Hannah's story

Posted on 06/09/23 12:07:pm


Share this article:

I was at rock bottom when I went to Rogers. I attempted suicide and was inpatient for ten days, then I was transferred to a trauma-focused program in Chicago for a couple of months. I wasn’t making progress and they told me they couldn’t help me anymore. They said I needed to go to a higher level of care, which was residential treatment. I was so angry, but I probably would have ended up dead if I hadn’t gone due to the behaviors I was engaging in. I was plummeting quickly.

They called Rogers and intake called me three times because I wouldn’t answer. I didn’t want to go. I didn’t know what it would be like. I was leery because other programs told me my trauma was too significant for them to help me.

When I got to Rogers, it was the first time someone asked me how I felt about having flashbacks and my life getting so small. I had never been asked that before. I wasn’t leaving my house, I wasn’t getting out of bed, I wouldn’t shower, and I didn’t want to go into the bathroom because that’s where the shower was. My past abuse happened in the shower. I was convinced I was never going to shower again. I was having nightmares and I lost a significant amount of weight in a short amount of time.

Rogers treated me like a human. Even if I was in my room for more than 30 minutes someone would check on me. They understood everyone there has gone through so much and they really showed everyone a lot of respect.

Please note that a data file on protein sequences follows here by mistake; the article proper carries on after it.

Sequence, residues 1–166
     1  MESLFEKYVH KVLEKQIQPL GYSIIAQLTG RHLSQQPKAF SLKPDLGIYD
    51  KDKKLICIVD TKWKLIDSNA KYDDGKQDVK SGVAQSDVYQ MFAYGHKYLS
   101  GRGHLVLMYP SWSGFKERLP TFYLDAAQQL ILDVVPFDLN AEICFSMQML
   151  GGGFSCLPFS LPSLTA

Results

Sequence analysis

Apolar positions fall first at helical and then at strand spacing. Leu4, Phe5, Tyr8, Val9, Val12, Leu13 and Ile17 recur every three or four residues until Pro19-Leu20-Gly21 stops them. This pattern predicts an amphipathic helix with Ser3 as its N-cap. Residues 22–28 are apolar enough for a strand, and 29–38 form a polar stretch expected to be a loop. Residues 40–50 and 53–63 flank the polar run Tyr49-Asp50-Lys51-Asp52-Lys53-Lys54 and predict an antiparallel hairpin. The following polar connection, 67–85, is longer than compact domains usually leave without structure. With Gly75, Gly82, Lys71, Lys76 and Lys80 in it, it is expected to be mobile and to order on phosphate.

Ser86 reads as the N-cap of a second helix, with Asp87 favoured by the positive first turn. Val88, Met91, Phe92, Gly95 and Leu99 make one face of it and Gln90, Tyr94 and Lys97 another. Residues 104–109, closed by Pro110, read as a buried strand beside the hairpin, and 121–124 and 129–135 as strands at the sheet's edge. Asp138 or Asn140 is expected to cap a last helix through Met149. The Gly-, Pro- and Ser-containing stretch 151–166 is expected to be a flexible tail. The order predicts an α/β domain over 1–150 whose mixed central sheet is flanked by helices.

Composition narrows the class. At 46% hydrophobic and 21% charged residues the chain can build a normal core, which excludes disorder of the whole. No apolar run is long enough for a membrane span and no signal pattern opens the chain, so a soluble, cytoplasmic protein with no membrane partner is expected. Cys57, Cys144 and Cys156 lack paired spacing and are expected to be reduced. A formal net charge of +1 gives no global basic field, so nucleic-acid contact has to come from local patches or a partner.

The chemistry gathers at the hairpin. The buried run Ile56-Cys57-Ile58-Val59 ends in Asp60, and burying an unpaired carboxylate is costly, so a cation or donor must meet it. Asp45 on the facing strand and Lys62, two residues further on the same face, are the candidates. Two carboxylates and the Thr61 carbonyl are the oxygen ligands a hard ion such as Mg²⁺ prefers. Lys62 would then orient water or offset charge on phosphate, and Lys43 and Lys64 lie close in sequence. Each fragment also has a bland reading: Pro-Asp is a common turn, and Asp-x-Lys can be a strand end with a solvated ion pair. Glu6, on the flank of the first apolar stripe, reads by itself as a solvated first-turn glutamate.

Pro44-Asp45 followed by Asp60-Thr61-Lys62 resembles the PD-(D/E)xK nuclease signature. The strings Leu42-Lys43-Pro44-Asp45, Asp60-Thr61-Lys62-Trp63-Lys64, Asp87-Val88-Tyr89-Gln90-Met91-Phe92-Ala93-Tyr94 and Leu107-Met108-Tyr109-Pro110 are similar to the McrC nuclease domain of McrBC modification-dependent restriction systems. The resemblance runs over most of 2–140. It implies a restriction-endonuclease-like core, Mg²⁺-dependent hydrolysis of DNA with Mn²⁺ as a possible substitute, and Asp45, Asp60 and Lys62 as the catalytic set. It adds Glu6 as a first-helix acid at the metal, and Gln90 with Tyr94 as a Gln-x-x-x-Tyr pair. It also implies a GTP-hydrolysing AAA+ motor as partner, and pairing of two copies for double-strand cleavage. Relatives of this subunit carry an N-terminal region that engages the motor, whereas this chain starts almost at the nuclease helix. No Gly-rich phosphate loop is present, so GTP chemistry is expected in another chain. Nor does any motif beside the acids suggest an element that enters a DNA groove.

They did a lot of work with exposure and response therapy, and by the end of my treatment, I was taking showers without someone standing outside the bathroom door making sure I was safe. I wasn’t having flashbacks and I’d gotten to the point where I could take showers at night and I didn’t even think about it.

They really gave me my life back. They helped me with my family dynamics including my marriage, which was on the brink of ending.

Rogers taught me PTSD is a chronic illness – sometimes things are great, sometimes they’re not – and when things come up with my PTSD it doesn’t mean I need to abandon ship and everything is going to tank.

I’m also grateful to the Rogers Behavioral Health Foundation for providing a patient care grant which allowed me to continue treatment when my insurance refused to pay.

Today I make sure I’m doing all different kinds of activities that I love. I’m in an exercise class and I’m part of a soccer team. The exposure and response work continues to really help me check the facts of the situation and understand when it’s my trauma brain imposing black-and-white thinking.

It’s been a year now and I’m working in my field again as a child trauma therapist with Chicago’s Department of Children and Family Services. I absolutely love my job! I was told by former mental health professionals not to go back to it, but when I got to Rogers, my therapist told me, “You don’t have to go back if you don’t want to, but I really think you’re good at your job.”  Rogers helped me realize I could return and establish emotional boundaries so that I don’t become my job.

I want to be able to help people understand it’s not shameful. I have learned it’s possible to be okay again.


Call 800-767-4411 or go to rogersbh.org to request a free screening.